Dellapenna testified that Azzara discriminated against her by "going behind [her] back" and only interviewing those staff members "who complained about [her]." Dellapenna Depo., p. 52, 19-20. According to Dellapenna, Azzara only invited six of her employees to meet and discuss her behavior. Dellapenna Depo., p. 52, 21-22. She does not explain how the investigation was tainted by discrimination of any sort. There is nothing discriminatory about Azzara's actions. Considering he was investigating Dellapenna's improper behavior, it was appropriate for him to interview the individuals who made complaints. Had he acted without doing so, Dellapenna would have a legitimate argument.

Dellapenna claimed that on one occasion two payroll bookkeepers ignored her instructions concerning a tax issue. Instead, they went to Azzara who directed the employees to ignore Dellapenna's instructions and to follow his. According to Dellapenna, this incident "is a fine example of how [she] was being undermined by my supervisor." Dellapenna Depo., p. 93, 9-10. Assuming this incident did occur, it is not clear how it supports a claim of discrimination. A superior overruling a subordinate, without more, is not discriminatory. He was just doing his job.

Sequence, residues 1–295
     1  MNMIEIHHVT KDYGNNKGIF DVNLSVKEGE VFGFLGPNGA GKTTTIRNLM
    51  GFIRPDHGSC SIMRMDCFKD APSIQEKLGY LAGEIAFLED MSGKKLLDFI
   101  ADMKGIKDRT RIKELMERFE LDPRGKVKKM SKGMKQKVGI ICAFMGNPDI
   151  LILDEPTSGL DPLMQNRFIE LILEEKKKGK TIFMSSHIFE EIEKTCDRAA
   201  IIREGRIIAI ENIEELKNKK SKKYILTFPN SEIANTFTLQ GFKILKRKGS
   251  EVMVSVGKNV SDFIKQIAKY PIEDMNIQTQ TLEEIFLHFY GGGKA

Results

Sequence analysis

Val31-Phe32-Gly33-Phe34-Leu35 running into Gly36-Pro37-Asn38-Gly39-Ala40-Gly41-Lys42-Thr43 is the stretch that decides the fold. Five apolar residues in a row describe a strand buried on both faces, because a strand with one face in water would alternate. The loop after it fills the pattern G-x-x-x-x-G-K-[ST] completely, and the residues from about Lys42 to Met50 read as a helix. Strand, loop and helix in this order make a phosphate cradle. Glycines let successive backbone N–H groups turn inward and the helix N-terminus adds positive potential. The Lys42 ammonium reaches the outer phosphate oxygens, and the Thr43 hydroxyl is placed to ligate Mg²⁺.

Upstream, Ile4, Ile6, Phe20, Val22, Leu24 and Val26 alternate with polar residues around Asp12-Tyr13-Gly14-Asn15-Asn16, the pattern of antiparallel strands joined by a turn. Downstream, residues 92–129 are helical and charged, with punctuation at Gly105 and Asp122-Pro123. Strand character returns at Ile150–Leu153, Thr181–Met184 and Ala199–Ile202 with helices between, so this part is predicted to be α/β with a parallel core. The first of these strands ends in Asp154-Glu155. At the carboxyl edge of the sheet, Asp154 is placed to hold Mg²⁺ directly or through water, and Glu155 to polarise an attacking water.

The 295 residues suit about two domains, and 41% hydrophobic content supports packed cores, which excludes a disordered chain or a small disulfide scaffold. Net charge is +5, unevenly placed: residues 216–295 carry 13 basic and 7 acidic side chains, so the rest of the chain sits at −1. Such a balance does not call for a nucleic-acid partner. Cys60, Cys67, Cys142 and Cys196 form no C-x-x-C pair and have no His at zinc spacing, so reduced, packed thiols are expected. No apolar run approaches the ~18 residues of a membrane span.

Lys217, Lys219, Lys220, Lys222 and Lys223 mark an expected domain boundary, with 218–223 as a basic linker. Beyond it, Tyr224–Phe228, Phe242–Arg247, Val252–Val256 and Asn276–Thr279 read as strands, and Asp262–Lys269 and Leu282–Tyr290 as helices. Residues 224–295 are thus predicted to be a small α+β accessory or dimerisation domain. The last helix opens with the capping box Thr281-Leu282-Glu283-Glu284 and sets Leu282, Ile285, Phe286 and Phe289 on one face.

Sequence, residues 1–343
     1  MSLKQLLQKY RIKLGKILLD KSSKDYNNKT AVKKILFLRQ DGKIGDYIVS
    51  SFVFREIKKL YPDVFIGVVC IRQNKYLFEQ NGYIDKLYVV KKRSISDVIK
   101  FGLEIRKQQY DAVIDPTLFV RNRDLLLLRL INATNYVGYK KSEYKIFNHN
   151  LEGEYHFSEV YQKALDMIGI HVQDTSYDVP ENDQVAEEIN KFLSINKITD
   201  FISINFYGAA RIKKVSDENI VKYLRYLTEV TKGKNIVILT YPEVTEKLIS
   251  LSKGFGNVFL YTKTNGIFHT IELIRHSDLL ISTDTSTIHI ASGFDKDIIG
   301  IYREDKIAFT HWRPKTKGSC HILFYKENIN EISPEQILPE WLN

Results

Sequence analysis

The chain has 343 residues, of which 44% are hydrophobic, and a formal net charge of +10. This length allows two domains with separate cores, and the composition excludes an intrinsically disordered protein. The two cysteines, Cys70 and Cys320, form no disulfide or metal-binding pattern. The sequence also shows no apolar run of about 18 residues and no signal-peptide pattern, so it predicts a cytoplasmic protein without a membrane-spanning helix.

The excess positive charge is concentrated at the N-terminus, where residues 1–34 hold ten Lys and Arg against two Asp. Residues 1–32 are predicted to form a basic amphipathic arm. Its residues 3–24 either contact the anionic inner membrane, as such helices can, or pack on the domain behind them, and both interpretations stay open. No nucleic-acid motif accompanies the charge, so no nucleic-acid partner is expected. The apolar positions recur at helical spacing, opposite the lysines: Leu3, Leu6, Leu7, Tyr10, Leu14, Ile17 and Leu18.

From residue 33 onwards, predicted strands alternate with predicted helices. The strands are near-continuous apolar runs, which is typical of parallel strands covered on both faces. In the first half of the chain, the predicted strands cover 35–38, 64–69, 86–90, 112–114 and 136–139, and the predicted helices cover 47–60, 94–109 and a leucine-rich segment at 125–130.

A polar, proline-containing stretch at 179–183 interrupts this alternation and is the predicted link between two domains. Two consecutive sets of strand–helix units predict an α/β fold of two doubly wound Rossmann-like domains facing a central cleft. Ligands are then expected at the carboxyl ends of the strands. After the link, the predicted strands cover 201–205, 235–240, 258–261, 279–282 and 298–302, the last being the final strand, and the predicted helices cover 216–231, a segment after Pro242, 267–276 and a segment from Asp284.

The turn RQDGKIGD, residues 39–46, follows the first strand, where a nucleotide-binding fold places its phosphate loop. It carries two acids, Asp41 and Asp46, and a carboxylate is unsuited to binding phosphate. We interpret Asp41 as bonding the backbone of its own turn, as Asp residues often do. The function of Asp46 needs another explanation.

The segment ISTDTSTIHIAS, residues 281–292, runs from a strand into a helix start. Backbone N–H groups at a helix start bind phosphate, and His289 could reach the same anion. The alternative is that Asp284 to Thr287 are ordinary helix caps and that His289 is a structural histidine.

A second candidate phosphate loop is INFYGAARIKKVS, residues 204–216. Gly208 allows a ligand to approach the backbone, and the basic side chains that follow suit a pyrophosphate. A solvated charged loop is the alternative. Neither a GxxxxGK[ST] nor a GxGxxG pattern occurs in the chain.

During her deposition, Dellapenna testified that Azzara's hiring a forensic accountant was a form of discrimination. Dellapenna Depo., p. 105, 10. The forensic accountant was hired by the School District, not Azzara. Roos, the School District's solicitor, recommended that the School District hire a forensic accountant because the undocumented $200,000 accruals raised the possibility of fraud. Roos Depo., p. 38, 24; p. 42, 20-21; p. 43, 14-17. Regardless of who hired the forensic accountant, Dellapenna admitted that she could only "surmise" that he was hired because of her race, age, gender and national origin. Dellapenna Depo., p. 49, 8-16. She herself characterizes her allegation as merely speculative.

Finally, Dellapenna testified that Azzara discriminated against her by "cutting [her] off" and "rolling his eyes" at her in meetings. She does not make any connection between Azzara's body language and discrimination. On the contrary, she later contradicts her own testimony by admitting that she did not know if Azzara rolled his eyes or cut her off because of her race, age, gender or national origin. Dellapenna Depo., p. 127, 14.